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Explore the Historic Mohawk Towpath Byway

Posted by Malta Development on Mar 10, 2015 9:00:47 AM

On that first nice Spring day when the snow has melted and you're dying to get out and about, here's a close-by hike or drive only 15 miles away – the Mohawk Towpath Byway.

 

A National Scenic Byway that extends from Schenectady to Waterford, the Mohawk Towpath runs for 26 miles along the Mohawk River and the 1852 Erie Canal route. It's a fascinating showcase of the history of the area: from Native American times...to the heyday of the Erie Canal...to the waterside communities and their involvement in the Industrial Revolution...and, finally, to the westward expansion of the United States.

 

The Towpath begins in downtown Schenectady at Erie Boulevard and State Street (Route 5) and ends in Waterford on Route 32. You can find a map here.

 

The Mohawk River Valley was the only water-level route through the Appalachians and, thus, became a major trade route both for Native Americans and for European traders and explorers. Native Americans traveled along a footpath for centuries that followed the Mohawk River. The current towpath is 26 miles by car; it follows the route of the 1825 Erie Canal between Schenectady and Waterford, when draft animals would tow barges along the canal using a path on either side of the river. The trip took four days.

 

Eighty-two locks were constructed on the canal. These were necessary because the river travels through a series of rapids and waterfalls. Before the canal, it was sometimes necessary to portage around these obstructions. Canal channel construction took eight years; it was 40 feet wide at the waterline and ran 363 miles from Albany and Buffalo over a 689-foot elevation change. Once completed, the canal contributed to the development of new settlements in western New York.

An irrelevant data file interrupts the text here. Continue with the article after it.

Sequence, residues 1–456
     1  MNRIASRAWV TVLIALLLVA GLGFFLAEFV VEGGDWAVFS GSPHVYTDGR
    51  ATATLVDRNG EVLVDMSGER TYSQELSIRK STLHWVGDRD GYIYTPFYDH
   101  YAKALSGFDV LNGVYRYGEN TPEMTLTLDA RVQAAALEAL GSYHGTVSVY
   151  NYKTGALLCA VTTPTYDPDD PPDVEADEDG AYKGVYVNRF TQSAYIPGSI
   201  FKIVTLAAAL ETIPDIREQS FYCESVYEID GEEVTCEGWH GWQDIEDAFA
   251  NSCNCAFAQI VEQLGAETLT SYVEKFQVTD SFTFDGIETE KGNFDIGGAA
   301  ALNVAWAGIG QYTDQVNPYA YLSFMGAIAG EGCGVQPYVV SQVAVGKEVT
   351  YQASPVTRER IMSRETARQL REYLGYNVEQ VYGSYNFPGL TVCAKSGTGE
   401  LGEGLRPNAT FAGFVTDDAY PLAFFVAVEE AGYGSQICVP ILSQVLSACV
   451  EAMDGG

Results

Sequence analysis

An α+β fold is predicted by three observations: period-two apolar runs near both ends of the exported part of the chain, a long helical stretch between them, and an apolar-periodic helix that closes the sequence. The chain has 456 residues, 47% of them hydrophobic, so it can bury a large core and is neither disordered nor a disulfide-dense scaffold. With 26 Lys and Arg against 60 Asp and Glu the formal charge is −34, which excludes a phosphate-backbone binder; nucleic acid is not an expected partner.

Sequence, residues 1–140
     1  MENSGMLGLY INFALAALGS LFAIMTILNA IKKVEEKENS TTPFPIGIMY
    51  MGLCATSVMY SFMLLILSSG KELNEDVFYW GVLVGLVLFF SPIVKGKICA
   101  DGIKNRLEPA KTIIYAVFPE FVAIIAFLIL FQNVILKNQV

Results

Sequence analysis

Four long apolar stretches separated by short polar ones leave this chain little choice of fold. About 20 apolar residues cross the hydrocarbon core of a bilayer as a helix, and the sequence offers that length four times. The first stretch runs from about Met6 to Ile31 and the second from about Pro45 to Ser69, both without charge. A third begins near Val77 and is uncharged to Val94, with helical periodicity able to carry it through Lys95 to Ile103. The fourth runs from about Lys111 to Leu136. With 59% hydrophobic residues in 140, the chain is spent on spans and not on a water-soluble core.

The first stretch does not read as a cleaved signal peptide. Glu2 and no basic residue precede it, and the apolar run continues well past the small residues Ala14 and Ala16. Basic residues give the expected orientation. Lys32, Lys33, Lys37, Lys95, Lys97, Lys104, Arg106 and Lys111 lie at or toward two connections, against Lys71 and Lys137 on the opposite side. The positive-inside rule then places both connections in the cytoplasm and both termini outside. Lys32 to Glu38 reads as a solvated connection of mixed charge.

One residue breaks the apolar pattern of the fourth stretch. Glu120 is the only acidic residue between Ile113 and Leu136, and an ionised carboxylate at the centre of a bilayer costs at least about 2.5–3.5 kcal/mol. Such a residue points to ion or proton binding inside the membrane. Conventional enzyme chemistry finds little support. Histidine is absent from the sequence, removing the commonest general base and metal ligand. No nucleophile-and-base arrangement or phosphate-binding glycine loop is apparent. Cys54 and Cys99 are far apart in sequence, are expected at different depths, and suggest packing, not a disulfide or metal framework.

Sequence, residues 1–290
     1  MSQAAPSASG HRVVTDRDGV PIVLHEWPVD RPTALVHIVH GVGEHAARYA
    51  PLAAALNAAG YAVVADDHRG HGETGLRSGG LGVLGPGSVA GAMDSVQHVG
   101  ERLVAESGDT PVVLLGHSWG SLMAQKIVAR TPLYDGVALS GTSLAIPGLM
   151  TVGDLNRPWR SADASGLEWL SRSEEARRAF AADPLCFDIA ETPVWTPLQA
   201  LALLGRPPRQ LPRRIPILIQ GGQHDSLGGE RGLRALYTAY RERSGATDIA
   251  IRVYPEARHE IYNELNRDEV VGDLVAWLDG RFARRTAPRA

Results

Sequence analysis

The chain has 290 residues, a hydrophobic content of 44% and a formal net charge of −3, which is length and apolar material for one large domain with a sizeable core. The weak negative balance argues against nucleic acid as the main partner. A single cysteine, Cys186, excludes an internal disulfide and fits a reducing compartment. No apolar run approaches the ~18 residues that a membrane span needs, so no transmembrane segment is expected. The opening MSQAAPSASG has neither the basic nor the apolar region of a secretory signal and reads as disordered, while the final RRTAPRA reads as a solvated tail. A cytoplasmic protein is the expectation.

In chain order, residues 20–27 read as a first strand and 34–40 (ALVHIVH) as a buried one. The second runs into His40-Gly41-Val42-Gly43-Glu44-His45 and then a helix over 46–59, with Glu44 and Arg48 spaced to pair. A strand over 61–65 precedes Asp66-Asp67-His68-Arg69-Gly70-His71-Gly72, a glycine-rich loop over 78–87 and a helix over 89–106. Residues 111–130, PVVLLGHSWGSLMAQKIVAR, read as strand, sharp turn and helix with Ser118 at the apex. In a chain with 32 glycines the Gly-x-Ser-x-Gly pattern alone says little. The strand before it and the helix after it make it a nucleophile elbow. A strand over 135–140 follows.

Canal-side communities used the power generated by the water to build manufacturing plants – Harmony Mill Number 3 in Cohoes was the largest cotton factory in the world. It still stands on North Mohawk Street in Cohoes. The towpath travels through scenic areas revealing 18th and 19th century architecture. Waterford Village is known for its Federal brick buildings and the Crescent-Church Hill Historic District boasts 19th century Greek Revival homes. A kiosk in Freddie's Park in Colonie offers information on historic river crossings in the area.

 

You can download a brochure with a detailed description of the area, things to do, and interesting sights here. The Crescent Trail in Halfmoon and the old Champlain Canal towpath in Waterford are excellent hiking trails. An audio tour is available for your cell phone at 518-649-9990.

 

There is also a challenging 36-mile bike path which begins in Colonie Mohawk River Park or the Niskayuna Lions Park as well as a 15 mile loop bike tour between Vischer Ferry and Rexford. Tour/trail guides for all of these experiences are available here.

 

If you prefer seeing the Mohawk River from the water, you can rent a kayak or canoe at The Boat House on Aqueduct and Balltown Road. In Halfmoon, between the Route 9 bridge and the Northway's Twin Bridges, there are islands for exploring – park at Crescent Park and paddle to the south. Other options are described in the brochure as well.

Topics: erie canal route, In The Community, mohawk river, mohawk towpath byway, albany new york, hiking, history, Malta, native americans, trails

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